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one person struggles with a boulder on their back while another person stand questioningly next to them

The Detriments of Expectations

Everyone has the tendency to expect things from others. In my case, I am often expected to live the life of a "normal" 22-year-old. I am expected to have the energy to do the things my friends are doing, to have the ability to meet every social obligation. The fact is, I can't always meet those expectations.

Narcolepsy has changed the way I view myself and how I live my life. It had to.

Harmful assumptions

I look okay on the outside, which means I should be okay on the inside. This is what most people think, even if they think they know otherwise. This assumption is detrimental to a person living with a chronic illness, especially an invisible one; it leaves room for imposter syndrome to creep in.

It opens the floodgates for doubt and denial: Maybe I'm using this diagnosis as an excuse. Maybe it's not as serious as I think it is. If my friends think I'm okay, then maybe I am. It leaves me thinking: If I pretend to be "normal," maybe I can pass as "normal." If I stop talking about my illness, maybe it'll just go away.

I will never be fully understood

But it's no one's fault; I thought I understood this concept too until I was diagnosed with narcolepsy. It's impossible to fully grasp the carefully calculated allocation of energy. Or the mental gymnastics it takes to crunch those numbers; not until you've lived it.

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My friend, near and dear to my heart, said, "But you've had narcolepsy the whole time; you just didn't know it. It doesn't change who you are." While she said this out of kindness, it broke my heart a little. That was the moment I realized I would never be fully understood by the people closest to me. And I have to make peace with that.

Expectation is a two-way street

But here's the thing, expectations go both ways. I was expecting my friends and family to think and feel a certain way about my illness. I was expecting them to be my foundation, my support through everything.

I expected too much from people who have their own struggles and need their own support. I cannot rely on any one person or any one group of people to be my foundation. I have to build a network of support, and honestly, learn how to support myself at times.

My personal transformation

So, let me try to explain the pre-diagnosis to post-diagnosis change that I went through:

Before my narcolepsy diagnosis

Prior to my diagnosis, I went out on the weekends. I would work my 8-hour shift (admittedly in between naps), take a 2-hour nap at home, get up to eat dinner, and go back to bed. My sleep at night was garbage, waking up 15 or more times a night, every night. Rinse, repeat. That was my life. I didn't realize how much my lifestyle impacted my health because I had no idea that my life had limitations.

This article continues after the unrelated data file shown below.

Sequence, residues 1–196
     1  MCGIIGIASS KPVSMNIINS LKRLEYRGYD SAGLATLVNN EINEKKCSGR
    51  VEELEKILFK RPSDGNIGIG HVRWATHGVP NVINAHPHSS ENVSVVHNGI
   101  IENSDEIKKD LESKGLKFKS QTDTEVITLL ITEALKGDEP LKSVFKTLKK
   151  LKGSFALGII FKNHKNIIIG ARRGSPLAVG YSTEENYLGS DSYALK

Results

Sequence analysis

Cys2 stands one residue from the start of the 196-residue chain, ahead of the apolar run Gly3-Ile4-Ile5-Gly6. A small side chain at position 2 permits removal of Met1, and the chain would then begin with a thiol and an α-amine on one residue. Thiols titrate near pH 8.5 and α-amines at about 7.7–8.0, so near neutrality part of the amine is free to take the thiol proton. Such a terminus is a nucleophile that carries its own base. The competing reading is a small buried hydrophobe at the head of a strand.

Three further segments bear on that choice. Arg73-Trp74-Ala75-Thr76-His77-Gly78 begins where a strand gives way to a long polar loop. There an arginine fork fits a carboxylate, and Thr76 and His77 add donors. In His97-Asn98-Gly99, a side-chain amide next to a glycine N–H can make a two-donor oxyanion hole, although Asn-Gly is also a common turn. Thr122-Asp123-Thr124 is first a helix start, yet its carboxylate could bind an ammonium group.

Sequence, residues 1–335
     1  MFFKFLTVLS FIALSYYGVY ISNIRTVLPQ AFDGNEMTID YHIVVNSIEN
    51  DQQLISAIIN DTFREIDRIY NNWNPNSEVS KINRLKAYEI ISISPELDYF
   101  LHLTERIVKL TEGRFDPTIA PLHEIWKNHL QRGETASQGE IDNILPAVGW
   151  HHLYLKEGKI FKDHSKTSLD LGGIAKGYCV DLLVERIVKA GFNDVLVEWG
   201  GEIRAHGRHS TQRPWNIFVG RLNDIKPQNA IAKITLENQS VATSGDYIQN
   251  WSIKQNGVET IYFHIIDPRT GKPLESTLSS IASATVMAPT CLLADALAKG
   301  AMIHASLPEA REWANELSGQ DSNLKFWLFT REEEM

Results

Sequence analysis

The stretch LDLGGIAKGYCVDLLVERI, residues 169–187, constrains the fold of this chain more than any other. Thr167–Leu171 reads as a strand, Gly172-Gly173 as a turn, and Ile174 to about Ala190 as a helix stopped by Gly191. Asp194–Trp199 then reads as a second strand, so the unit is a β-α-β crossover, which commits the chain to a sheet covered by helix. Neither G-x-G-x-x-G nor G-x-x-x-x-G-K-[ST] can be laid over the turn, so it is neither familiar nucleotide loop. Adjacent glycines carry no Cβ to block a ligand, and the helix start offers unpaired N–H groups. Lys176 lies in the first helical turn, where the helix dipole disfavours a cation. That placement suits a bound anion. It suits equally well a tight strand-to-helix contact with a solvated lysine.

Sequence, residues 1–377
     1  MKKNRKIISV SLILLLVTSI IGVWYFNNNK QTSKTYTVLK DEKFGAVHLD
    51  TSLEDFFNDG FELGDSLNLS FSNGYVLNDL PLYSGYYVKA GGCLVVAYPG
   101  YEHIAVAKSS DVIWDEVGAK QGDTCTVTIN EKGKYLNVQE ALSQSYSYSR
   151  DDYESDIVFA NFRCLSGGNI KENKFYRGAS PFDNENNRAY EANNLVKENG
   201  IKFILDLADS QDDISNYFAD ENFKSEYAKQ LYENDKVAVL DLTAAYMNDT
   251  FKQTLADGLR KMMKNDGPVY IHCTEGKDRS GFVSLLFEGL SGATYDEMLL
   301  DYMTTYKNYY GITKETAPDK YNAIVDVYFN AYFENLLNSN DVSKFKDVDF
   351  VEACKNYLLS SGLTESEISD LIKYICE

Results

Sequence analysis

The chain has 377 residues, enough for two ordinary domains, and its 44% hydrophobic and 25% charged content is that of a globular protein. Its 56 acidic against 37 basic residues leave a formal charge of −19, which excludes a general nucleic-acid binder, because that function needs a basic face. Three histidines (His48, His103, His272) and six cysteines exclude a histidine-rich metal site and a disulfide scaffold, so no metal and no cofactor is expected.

After my narcolepsy diagnosis

Following diagnosis, I did have to make changes to my life. I am a different person with narcolepsy than the one I was without it. I know my limitations and inabilities; I know what I have to do to keep myself at least somewhat functional. Those necessities differ from that of someone without a chronic illness.

Staying afloat in a sea of responsibilities

I have to pay attention to every detail of my existence in order to stay afloat in a sea of responsibilities and obligations: this friend's wedding, that friend's birthday, holidays, midterms and finals, game nights on Tuesdays.

I am in a boat with holes, letting this sea overwhelm me. I have plugs, but they're limited, and some don't quite fit. These plugs are the only thing keeping me from drowning: medications, sleep hygiene, bedtimes, wake times, routine, support from others who struggle the way I do. And I only obtained these plugs with my diagnosis.

Give yourself some grace

Closing out, I would like to leave a message for both people with a chronic illness and to those who love a person with a chronic illness:

There will be days when you need space, and that's okay. We should not try to force a loved one to be something they are not, regardless of which side of the coin you fall. You are doing your absolute best in an undesirable situation. Applaud yourself for your growth, love one another, and, as my friend Matt Horsnell is fond of saying, give yourself some grace. That's all we can do.

This article represents the opinions, thoughts, and experiences of the author; none of this content has been paid for by any advertiser. The team does not recommend or endorse any products or treatments discussed herein. Learn more about how we maintain editorial integrity here.

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